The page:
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Showing posts with label Schoharie County. Show all posts
Showing posts with label Schoharie County. Show all posts

Cobleskill Police Blotter

Written By Editor on 4/10/17 | 4/10/17

Wednesday April 5, 2017

At 10:47 a.m. Cobleskill Police arrested Savanna Jo Hotaling, 25, of Cobleskill, NY, for Aggravated Unlicensed Operation of a Motor Vehicle 3rd.  She was arraigned in Cobleskill Town Court and released.  She is to return to Cobleskill Town Court on May 9th at 5:00 p.m.

Saturday, April 8, 2017

At 1:41 a.m. Cobleskill Police arrested Dylan G. Hendrick, 21, of Rensselaer, NY, for Trespass.  He was issued an appearance ticket and released.  He is to appear in Cobleskill Town Court on April 11th at 5:00 p.m.

Sunday, April 9, 2017

At 2:25 a.m. Cobleskill Police arrested Keith Craig, 36, of Cobleskill, NY, for Disorderly Conduct.  He was issued an appearance ticket and released.. He is to return to Cobleskill Town Court on April 25th at 5:00 p.m.

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Cobleskill Police Blotter

Written By Editor on 3/27/17 | 3/27/17

Monday, March 20, 2017

At 3:15 p.m. Cobleskill Police arrested John T. Rundblad, 24, of Worcester, NY, for Grand Larceny 4th and Petit Larceny.  He was arraigned in Cobleskill Town Court and released.  He is to return to Cobleskill Town Court on March 28th at 5:00 p.m.

Tuesday, March 21, 2017

At 6:34 p.m. Cobleskill Police arrested Jonathan M. Winnie, 25, of Sharon Springs, NY, for Disorderly Conduct.  He was released and is to appear in Cobleskill Town Court on March 28th at 5:00 p.m.

Thursday, March 23, 2017

At 9:34 a.m. Cobleskill Police arrested Daniel St. Louis, 33, of Schoharie, NY, for Forcible Touching.  He was arraigned in Cobleskill Town Court and released.  He is to return to Cobleskill Town Court on April 11th at 5:00 p.m.

At 11:28 a.m. Cobleskill Police arrested Samantha Medico, 28, of Summit, NY, for a Bench Warrant for Failing to Appear.  She was arraigned in Cobleskill Town Court and released after paying $250 Bail.  She is to return to Cobleskill Town Court on April 4th at 5:00 p.m.

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DA Race Kicks Off at Bipartisan Event

Written By Editor on 3/26/17 | 3/26/17

Schoharie's Quality Inn Hotel was packed with 140 people for the launch of Blenheim Supervisor Shawn Smith's candidacy for District Attorney.
A litany of public officials were present for the event, sponsored by the Democratic Party Chair Clifford Hay and Ten Pin Catering of Middleburgh.

Smith's campaign launched emphasized a non-partisan approach to local law enforcement issues, with a particular focus on eradicating heroin use in the County. Officials from a variety of communities were there. Present were the Democratic Supervisors of Fulton and Sharon, Phil Skowfoe and Sandra Manko, respectively. Republicans, Sheriff Tony Desmond and Supervisor Dave Simkins of Broome were there. Republican Supervisors Leo McAllister of Cobleskill and Pete Coppolo of Middleburgh both intended to go, but had other obligations, Smith said. Mayor of Cobleskill Linda Holmes and former Middleburgh Supervisor Jim Buzon were also there.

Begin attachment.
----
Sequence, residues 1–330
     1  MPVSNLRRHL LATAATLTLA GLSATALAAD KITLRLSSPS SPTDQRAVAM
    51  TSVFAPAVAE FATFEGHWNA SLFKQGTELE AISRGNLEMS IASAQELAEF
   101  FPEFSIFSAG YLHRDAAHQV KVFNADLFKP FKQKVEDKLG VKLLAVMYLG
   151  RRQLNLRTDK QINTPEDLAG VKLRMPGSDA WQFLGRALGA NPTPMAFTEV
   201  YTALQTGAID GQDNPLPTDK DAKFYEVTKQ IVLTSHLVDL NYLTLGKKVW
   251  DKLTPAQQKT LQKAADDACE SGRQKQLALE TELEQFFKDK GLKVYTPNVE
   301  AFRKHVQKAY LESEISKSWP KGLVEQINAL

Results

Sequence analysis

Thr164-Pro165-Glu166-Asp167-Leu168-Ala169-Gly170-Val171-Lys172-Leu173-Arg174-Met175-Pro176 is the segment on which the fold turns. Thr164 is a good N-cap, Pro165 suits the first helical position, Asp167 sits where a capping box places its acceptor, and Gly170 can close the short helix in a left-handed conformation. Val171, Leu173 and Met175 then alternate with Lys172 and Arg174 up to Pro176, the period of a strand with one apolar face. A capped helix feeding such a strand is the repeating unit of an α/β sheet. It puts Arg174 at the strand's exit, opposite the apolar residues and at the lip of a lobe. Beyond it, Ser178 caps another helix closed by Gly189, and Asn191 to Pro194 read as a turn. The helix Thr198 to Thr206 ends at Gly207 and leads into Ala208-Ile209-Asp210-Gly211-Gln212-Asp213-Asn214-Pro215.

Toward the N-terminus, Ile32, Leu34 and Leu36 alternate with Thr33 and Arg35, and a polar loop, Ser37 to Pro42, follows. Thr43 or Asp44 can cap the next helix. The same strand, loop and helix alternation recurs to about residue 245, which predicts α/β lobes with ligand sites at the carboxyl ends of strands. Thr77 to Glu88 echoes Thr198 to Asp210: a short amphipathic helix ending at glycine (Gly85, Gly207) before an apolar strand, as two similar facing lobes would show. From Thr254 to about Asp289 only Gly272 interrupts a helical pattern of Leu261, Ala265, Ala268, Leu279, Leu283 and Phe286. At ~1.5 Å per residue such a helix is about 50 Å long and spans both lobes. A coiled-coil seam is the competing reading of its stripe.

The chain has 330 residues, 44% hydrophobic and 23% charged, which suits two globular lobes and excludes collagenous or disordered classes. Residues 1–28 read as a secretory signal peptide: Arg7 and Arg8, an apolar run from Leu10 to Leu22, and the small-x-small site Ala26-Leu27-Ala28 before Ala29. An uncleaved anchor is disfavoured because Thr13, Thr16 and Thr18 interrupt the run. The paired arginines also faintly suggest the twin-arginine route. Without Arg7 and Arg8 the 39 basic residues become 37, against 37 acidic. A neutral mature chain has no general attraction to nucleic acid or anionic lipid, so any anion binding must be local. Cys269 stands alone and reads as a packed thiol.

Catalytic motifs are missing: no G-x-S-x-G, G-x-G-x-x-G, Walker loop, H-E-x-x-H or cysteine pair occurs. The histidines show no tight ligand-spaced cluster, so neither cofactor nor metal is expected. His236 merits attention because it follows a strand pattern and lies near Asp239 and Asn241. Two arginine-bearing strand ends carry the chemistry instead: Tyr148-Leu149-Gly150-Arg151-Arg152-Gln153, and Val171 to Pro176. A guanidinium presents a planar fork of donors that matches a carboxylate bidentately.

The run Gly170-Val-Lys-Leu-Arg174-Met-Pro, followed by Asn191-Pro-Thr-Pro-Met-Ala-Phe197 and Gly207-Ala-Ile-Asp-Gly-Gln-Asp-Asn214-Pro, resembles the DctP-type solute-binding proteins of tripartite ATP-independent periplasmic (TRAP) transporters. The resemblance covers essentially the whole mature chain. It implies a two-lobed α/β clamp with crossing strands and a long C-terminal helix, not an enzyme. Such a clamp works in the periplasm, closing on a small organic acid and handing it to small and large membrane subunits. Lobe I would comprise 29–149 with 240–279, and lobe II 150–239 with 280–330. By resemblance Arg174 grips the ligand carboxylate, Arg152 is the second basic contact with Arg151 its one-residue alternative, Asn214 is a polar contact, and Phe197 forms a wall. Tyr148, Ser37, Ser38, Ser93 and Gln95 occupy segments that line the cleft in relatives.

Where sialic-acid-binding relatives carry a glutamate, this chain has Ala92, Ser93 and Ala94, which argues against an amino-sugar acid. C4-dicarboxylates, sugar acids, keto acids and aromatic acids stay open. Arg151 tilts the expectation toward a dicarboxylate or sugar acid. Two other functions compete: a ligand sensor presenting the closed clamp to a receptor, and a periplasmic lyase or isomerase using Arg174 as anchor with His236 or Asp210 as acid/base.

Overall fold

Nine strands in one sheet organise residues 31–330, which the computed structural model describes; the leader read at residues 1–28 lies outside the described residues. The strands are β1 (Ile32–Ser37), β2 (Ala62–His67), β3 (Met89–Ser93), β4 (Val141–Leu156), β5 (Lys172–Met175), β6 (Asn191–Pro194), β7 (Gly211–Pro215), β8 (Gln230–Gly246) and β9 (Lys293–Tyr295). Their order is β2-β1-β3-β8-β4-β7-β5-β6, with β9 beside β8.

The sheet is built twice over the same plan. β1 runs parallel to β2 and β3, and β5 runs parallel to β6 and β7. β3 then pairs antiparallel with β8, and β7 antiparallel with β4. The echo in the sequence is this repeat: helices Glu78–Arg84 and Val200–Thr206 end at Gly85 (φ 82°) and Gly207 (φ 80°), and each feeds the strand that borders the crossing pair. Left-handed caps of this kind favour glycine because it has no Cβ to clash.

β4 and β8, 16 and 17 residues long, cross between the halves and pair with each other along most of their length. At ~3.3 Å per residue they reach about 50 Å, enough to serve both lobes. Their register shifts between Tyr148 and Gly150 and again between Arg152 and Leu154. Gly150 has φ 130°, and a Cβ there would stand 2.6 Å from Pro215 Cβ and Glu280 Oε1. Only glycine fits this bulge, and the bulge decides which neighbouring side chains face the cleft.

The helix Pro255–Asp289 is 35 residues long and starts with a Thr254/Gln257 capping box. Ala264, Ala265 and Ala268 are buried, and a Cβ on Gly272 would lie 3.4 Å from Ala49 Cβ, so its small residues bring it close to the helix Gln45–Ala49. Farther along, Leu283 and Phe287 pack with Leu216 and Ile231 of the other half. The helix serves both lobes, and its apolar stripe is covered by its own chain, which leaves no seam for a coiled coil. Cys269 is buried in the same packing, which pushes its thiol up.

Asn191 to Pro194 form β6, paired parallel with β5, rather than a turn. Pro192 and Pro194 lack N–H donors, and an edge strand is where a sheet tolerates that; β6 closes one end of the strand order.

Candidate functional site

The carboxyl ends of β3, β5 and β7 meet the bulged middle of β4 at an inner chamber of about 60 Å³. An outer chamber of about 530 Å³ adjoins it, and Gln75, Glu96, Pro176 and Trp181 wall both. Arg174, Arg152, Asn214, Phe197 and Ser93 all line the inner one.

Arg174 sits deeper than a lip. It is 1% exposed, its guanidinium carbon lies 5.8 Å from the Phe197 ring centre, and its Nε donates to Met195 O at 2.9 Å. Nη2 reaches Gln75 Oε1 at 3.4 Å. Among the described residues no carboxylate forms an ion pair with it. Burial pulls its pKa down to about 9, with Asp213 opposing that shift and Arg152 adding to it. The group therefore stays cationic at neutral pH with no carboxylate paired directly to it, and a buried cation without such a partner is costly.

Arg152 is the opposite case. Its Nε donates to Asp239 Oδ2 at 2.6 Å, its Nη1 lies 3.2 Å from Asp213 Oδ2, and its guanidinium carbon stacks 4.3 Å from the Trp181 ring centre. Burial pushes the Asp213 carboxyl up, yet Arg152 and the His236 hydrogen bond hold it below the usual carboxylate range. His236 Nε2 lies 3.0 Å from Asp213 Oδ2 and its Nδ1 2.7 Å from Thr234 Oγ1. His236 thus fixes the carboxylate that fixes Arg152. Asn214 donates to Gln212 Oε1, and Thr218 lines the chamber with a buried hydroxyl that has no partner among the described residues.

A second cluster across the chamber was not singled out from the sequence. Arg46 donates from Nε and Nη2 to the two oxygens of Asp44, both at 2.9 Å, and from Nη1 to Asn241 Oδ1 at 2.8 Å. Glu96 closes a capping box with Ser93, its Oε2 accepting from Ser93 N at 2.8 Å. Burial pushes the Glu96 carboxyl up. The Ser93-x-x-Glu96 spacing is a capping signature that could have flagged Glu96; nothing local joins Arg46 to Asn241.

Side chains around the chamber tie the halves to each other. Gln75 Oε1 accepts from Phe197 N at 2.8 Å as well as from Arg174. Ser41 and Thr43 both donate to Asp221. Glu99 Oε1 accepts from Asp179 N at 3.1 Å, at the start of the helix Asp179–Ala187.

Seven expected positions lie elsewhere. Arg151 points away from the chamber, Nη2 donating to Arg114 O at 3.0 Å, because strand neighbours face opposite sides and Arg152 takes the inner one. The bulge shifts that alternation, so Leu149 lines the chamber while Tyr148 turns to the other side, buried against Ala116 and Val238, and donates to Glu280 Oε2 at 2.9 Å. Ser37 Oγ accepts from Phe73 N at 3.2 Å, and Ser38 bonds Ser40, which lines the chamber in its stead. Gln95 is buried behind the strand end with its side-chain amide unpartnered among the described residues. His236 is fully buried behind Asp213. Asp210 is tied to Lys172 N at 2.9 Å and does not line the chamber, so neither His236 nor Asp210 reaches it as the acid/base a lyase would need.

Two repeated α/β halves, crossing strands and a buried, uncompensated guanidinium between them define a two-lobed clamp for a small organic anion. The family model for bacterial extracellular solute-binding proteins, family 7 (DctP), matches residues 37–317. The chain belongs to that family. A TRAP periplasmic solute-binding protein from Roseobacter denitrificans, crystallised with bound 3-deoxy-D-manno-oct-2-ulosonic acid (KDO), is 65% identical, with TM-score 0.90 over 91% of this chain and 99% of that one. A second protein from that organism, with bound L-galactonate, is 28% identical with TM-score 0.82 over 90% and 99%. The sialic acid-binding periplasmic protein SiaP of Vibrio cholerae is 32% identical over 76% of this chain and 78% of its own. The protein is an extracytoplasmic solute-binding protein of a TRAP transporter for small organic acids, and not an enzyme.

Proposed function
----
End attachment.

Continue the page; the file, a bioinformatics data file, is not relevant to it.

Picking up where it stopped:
The event included several speakers before Smith's campaign launch speech.

First was Sheriff Anthony Desmond, who spoke to Smith's commitment to law enforcement. "He's a good supporter of the Sheriff's Office," he said. "Shawn, like I said, is a great guy. You can talk to him. He'll listen to what you have to say. He comes up with a solution we can both live with.

Retired State Trooper Butch Ostrander spoke after the Sheriff. He told a personal story of watching the Supervisor grow up. Ostrander said he first met the candidate while Smith was working as a mechanic with his father. Smith, he said, spent his younger days logging and working on cars.

Sharon Supervisor Sandra Manko spoke next, explaining that Smith is a hard working member of the County Board and told a story of his early days in practice.

He decided to leave high school to become a mechanic full time. Ostrander said it's easy to drop out and chase an "easy buck" but that Smith then attended SUNY Cobleskill, SUNY Albany, and finally Albany Law School.

Schoharie Town Attorney Michelle Storm spoke last. She was a classmate of Smith's at Albany Law and saw him as an energetic and skilled attorney who excelled at his coursework.

Last, Supervisor Smith spoke to the assembled crowd, as seen in our next article on the race. He emphasized that local efforts can reduce the rate of heroin addiction in Schoharie County. His campaign page can be found here.

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Mattress Charge Results in Split Vote

Written By Editor on 3/19/17 | 3/19/17

Following up on last month’s discussion to possibly increase the rate for disposing mattresses, the Schoharie County Board of Supervisors debated a potential change to fees charged for disposing mattresses at their March 17th meeting.

Supervisor Phil Skowfoe of Fulton recommended changes to the mattress fee schedule. He said that other counties do recycling at about $20-25 per ton, which is about a wash.

Supervisor Larry Bradt of Carlisle said that he was against increased charges because it might be added to a larger pile of garbage. Supervisor Skowfoe said it was more expensive to ship the mattresses to the western part of the state. “You know that cause you was at that meeting,” he told Supervisor VanGlad of Gilboa. The new rate would be $140 per ton or about $20 per mattress individually. He said the additional mattresses take up more space and that